Writing has always been a function, activity, means of expression for me and my cohort. When I attended St. Peter’s grade school, we learned to diagram sentences. I loved how orderly diagramming made the written world. I somehow gravitated to a creative writing class in high school. Maude Weinschenk taught us how to write poetry and how to edit everything seven times. In college I wrote book reviews and poetry for the school magazine. Now, after leaving work as a lawyer, I teach grammar to law students who have missed certain aspects of it or whose life and writing is so informal they need to learn how to write in a more formal and correct style. I also encourage my coaching students to keep a journal.
A recent New Yorker article about T.S. Eliot said that he criticized English writing of his time because the English “use literature as a means of expressing ideas and personal feelings. . . social commentary, or mysticism, or philosophy.” I’m not talking about literature here, I’m talking about personal, private writing. The value I see in writing as an avocation, as a delight, as a friend, is in expressing our feelings, clarifying our thoughts, having a place to write down things we don’t want to say out loud – fears, hopes, loves – and expressing our creativity. (Sorry, Tom.)
Journal writing can be therapeutic. My husband, Jim, is in a writing group of cancer survivors. He has led groups like this as well as participated in them. He knows first-hand that writing and sharing with such a group make him feel better as well as help him better understand his experience. Clients who have never used a journal are surprised at how much they like writing on a regular basis. I recommend they get whatever kind of empty book that appeals to them. I don’t like expensive, leather-bound journals because I usually throw mine away when they’re full: they’re so personal and un-edited, just for me, that I don’t want anyone to read them. I like the black and white composition books I get at the drug store. My friend Carolina and I have a pact that if one of us dies, the other will go to her house and destroy her journals.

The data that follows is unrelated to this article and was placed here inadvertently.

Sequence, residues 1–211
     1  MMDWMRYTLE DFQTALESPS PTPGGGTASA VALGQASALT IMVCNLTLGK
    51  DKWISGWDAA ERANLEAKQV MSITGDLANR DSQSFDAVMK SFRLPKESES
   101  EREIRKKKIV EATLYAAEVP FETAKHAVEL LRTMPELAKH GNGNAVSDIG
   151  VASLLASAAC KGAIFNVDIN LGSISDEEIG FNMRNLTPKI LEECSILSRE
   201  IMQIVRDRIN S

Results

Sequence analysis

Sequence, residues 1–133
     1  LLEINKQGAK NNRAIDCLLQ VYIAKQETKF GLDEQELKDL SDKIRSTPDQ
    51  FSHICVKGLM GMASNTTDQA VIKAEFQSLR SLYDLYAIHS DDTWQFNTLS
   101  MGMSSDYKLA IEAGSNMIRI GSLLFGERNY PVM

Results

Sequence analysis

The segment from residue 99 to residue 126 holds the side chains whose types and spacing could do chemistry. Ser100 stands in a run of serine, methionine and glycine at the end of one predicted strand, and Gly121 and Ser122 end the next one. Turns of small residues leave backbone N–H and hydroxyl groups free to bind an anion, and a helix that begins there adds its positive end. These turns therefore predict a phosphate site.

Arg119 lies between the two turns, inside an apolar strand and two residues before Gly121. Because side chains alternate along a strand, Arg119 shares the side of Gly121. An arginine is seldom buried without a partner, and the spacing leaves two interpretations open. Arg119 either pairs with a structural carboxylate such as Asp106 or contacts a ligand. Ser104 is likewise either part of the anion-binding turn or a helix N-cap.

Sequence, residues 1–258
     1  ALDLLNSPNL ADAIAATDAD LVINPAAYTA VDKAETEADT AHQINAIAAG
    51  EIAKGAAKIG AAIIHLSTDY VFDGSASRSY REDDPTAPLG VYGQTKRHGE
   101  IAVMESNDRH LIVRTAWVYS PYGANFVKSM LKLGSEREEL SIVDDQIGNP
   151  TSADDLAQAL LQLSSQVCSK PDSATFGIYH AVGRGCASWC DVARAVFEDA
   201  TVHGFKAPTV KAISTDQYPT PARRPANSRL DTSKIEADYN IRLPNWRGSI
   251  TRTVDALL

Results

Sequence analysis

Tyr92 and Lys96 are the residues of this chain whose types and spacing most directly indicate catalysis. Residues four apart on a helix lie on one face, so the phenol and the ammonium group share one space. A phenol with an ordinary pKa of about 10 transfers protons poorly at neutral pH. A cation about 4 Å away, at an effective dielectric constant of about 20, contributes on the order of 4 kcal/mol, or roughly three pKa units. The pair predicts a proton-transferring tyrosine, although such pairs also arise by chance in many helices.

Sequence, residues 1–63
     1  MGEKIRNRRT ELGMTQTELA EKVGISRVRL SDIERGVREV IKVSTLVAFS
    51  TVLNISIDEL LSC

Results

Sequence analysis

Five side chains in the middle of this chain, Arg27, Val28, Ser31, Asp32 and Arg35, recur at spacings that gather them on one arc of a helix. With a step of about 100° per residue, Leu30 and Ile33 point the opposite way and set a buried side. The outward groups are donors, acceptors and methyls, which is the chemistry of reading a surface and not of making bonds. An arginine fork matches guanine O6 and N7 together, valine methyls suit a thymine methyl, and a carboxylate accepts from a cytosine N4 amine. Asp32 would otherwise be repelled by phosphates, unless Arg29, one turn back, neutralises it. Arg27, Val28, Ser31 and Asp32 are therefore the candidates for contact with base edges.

Treat yourself. I strongly recommend giving yourself 10 or 15 minutes at the beginning or end of the day to write in your journal. Try it for a month. It will make a difference in your life.
[Classic books on journaling: The Artist’s Way, by Julia Cameron; At a Journal Workshop by Ira Progoff]